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So, first, what got you into writing / illustrating?

“I like to read and share what I have read,” Tina says. “I guess that started me scribbling.”

For Alan, it was video games and comic books. “I remember it all started when I was reading Dragon Ball Z back when I was younger, and when I decided to draw my own version in an exercise book.”

Nice. And what was your inspiration behind writing / illustrating for this new book?

Alan muses, “I wanted to create a lighthearted comic book based on Singapore’s rich history, to encourage the curiosity of readers on the topic.”

Tina adds, “I like to tell stories from my childhood and youth, and I am so fortunate to have Alan draw my memories into being.”

That’s awesome! Now, what do you think was the most memorable part of this book-making journey?

“Growing with Grandpa and Aloysius as the story developed,” says the writer. “Even though they started as mere characters on paper, as we went along, they developed a life of their own. The dialogue, the jokes and the banter just fell into place.”

“This was my first time collaborating with a writer and publisher, so it was a huge learning opportunity for me.” Alan chimes in. “As an artist, I had to constantly remind myself that my drawings were meant to complement the story instead of being a flamboyant showcase.”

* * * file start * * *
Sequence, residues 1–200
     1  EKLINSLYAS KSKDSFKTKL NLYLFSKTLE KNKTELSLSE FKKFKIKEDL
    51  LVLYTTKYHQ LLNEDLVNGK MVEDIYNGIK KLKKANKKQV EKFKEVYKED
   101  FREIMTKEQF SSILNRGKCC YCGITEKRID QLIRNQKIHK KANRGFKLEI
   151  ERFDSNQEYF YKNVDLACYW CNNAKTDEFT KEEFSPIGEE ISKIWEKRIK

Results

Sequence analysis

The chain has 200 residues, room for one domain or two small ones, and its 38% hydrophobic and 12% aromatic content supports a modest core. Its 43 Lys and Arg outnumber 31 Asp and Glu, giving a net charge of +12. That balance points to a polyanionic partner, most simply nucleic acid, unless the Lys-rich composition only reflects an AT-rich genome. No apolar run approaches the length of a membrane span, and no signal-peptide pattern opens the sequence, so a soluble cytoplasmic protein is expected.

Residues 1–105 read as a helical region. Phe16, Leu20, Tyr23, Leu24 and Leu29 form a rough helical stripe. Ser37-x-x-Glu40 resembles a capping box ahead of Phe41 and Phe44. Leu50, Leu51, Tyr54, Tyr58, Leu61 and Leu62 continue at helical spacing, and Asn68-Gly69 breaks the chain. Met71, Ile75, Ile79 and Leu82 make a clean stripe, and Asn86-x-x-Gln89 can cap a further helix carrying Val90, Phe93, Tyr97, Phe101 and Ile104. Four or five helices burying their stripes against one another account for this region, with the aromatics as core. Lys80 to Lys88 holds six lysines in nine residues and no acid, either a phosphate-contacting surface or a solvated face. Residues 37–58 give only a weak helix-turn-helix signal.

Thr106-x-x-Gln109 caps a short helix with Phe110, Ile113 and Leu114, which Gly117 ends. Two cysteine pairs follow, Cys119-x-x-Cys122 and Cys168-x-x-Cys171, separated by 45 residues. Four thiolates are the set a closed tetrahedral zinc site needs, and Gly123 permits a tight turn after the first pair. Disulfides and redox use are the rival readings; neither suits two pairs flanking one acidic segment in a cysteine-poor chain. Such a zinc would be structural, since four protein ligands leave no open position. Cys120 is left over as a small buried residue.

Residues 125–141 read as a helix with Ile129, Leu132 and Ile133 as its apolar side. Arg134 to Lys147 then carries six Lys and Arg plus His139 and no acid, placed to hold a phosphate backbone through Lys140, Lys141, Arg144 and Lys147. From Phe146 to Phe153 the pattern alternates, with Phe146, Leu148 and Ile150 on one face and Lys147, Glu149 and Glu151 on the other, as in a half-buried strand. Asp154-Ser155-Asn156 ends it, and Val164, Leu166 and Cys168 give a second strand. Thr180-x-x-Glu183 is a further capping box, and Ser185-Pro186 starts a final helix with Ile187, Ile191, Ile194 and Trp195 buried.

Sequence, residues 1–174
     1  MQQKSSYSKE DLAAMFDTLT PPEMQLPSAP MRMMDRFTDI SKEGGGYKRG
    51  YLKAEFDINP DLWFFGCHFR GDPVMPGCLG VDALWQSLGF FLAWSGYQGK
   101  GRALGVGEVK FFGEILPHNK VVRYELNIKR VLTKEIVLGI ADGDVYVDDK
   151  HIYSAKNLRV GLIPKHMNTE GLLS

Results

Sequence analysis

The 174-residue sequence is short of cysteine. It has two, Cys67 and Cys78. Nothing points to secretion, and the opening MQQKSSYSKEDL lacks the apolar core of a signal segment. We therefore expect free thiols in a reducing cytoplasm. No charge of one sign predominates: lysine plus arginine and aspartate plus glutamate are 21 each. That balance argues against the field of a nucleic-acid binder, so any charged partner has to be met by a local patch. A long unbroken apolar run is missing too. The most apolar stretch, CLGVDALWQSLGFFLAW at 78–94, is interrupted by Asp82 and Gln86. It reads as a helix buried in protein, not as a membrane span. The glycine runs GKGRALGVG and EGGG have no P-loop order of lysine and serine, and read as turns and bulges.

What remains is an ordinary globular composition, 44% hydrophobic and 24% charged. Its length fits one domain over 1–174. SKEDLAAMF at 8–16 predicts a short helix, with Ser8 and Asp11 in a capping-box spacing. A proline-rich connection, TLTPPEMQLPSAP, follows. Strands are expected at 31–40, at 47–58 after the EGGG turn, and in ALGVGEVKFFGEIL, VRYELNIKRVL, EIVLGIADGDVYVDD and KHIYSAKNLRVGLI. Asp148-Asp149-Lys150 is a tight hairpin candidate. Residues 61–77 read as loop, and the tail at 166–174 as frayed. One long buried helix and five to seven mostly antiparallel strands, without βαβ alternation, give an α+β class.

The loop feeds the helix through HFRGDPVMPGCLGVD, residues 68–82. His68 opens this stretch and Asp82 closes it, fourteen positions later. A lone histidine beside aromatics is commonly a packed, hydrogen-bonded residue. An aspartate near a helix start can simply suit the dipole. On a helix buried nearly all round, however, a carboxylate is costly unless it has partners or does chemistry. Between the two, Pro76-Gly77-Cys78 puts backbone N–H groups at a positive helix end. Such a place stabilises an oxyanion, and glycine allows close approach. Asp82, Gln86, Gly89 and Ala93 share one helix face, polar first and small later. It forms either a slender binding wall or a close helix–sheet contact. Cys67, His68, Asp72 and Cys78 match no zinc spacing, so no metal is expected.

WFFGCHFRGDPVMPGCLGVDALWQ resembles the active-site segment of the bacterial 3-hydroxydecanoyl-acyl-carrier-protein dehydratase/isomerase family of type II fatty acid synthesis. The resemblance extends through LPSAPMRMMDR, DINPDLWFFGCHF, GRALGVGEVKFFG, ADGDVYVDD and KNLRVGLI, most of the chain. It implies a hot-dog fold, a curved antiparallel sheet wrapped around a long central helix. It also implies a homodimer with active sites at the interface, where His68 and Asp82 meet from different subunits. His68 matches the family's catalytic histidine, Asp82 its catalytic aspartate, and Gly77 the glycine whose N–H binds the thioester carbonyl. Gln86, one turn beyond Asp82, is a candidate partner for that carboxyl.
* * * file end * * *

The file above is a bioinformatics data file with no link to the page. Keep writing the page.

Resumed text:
Okay, last question: what do you hope this new publication will achieve?

“I hope readers young and old will enjoy this trip down memory lane,” says Tina.

“I also hope this book inspires those who have been through a time of old, like grandparents, to share their own first-hand experiences with the new generation,” Alan says.

Now that you know a bit more about these creative minds, why not drop by to shake hands and talk to them in person during the Singapore Writers Festival 2018?  They’ll be at The Arts House on 10 November 20182pm-3pm where they’ll be sharing all about this latest publication! Entry is free: register here!